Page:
(Sly and the Family Stone reference today. Just seemed fitting, that’s all.)
Every weekday at work, I receive an e-mail called Shelf Awareness that keeps me up-to-date on book news, new releases, movies and TV shows that are coming out based on books, etc. As a librarian, this is invaluable to keep us on top of what patrons might be asking for.
An occasional feature of Shelf Awareness is a “spotlight” section called Book Brahmin. This section highlights new authors, or established authors with new books coming out.
Just for fun, I thought I might do my own Book Brahmin “interview”, using the questions from the latest installment as the basis.
Book Brahmin: David Emprimo
|David Emprimo is a continuing education student at Life University, where he is earning his Ph.D. in “Growing Up, Growing Old, and How to Deal with It.” He lives in East Texas, where he works at a public library. His new book, All That Remains will be released by SmashWords, CreateSpace, and Kindle Direct Publishing sometime in 2013. On your nightstand now:
My Kindle, which contains about 100 or so books at any given time, including the complete Murder She Baked series by Joanne Fluke, a lot of Stephen King, Umberto Eco, Carlos Ruiz Zafon and a ton of biographies/autobiographies. One or two real books make appearances there, mainly biographies or books about music, movies or comedy.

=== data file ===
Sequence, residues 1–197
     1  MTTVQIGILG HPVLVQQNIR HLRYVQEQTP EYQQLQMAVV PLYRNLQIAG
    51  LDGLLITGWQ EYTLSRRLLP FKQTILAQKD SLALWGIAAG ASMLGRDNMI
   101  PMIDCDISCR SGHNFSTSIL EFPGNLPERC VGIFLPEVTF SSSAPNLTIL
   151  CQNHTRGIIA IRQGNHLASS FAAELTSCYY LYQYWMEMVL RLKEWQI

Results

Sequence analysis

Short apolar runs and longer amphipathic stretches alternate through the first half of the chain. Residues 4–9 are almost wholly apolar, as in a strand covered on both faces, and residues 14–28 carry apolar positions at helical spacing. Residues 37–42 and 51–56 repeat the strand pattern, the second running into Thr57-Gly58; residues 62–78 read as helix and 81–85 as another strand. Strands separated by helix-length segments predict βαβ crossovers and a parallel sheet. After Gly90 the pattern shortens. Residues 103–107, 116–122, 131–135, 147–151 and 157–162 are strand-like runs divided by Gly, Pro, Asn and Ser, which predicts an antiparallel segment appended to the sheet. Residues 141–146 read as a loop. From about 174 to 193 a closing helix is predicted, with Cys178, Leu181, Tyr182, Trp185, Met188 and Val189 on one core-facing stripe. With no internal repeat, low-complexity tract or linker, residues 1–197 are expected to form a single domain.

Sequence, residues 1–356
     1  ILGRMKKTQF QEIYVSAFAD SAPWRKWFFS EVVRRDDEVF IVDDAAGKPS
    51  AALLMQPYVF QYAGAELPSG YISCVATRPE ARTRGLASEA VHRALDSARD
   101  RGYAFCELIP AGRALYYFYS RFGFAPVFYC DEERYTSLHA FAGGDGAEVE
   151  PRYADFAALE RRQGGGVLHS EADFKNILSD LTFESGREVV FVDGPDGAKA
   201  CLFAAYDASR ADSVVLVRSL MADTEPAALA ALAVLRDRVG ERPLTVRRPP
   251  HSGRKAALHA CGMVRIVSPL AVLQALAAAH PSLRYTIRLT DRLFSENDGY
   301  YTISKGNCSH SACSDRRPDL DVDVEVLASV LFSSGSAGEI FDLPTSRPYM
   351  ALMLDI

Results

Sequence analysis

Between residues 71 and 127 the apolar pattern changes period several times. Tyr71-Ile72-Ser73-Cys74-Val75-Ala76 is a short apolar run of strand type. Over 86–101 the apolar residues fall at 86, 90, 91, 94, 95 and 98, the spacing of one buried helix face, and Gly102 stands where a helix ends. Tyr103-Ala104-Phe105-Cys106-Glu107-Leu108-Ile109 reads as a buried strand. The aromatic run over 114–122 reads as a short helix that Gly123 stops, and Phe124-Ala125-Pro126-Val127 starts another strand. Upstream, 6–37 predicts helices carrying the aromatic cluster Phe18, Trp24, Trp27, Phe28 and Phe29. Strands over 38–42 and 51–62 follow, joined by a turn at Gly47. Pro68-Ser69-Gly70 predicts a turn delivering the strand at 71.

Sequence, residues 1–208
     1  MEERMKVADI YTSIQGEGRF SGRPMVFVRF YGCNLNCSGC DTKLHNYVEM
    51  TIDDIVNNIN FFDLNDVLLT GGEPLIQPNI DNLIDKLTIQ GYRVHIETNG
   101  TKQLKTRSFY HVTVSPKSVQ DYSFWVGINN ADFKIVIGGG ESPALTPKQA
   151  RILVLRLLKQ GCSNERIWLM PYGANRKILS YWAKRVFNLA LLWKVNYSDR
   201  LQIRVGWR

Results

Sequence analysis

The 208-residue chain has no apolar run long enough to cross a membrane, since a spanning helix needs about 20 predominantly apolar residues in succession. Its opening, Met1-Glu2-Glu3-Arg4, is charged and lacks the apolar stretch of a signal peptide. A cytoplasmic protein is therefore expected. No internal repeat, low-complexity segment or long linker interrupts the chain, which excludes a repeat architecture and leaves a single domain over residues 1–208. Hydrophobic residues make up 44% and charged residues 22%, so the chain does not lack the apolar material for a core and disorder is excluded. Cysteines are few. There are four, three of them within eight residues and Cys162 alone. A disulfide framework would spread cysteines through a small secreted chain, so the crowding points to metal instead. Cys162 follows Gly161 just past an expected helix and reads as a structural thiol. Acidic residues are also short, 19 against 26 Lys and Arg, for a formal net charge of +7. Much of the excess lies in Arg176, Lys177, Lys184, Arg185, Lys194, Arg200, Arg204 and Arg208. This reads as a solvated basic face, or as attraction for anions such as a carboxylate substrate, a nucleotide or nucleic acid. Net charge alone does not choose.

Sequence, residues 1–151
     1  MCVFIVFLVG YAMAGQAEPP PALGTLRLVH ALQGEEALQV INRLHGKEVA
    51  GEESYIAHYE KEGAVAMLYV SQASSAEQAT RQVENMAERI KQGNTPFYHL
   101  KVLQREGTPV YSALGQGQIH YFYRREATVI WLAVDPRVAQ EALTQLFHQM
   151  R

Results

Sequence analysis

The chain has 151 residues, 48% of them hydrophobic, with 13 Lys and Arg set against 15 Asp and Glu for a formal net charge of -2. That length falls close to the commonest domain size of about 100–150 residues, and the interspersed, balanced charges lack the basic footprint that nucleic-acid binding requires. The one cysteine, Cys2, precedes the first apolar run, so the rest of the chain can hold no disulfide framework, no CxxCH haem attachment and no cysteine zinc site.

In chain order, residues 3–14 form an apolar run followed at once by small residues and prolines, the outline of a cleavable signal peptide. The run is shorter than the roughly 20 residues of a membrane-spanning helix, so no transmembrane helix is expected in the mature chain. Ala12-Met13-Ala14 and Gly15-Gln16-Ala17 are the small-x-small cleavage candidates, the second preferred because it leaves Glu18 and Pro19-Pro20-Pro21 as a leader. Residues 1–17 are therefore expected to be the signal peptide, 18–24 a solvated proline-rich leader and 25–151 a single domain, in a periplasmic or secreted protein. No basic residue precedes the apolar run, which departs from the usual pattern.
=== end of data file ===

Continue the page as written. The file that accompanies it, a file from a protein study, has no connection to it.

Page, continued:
Favorite book when you were a child:
Your top five authors:
Umm… Mick Foley?
Book you’ve faked reading:
Books you’re an evangelist for:
Book you’ve bought for the cover:
Book that changed your life:
Favorite line from a book:
“The most important things are the hardest things to say. They are the things you get ashamed of, because words diminish them — words shrink things that seem limitless when they were in your head, to no more than living size when they’re brought out.
But it’s more than that, isn’t it? The most important things lie too close to where your secret heart is buried, like landmarks to a treasure your enemies would love to steal away. And you make revelations that cost you dearly only to have people look at you in a funny way, not understanding what you’ve said at all, or why you thought it was so important that you almost cried when you were saying it. That’s the worst, I think. When the secret stays locked within, not for want of a teller, but for want of an understanding ear.”
Book you most want to read again for the first time: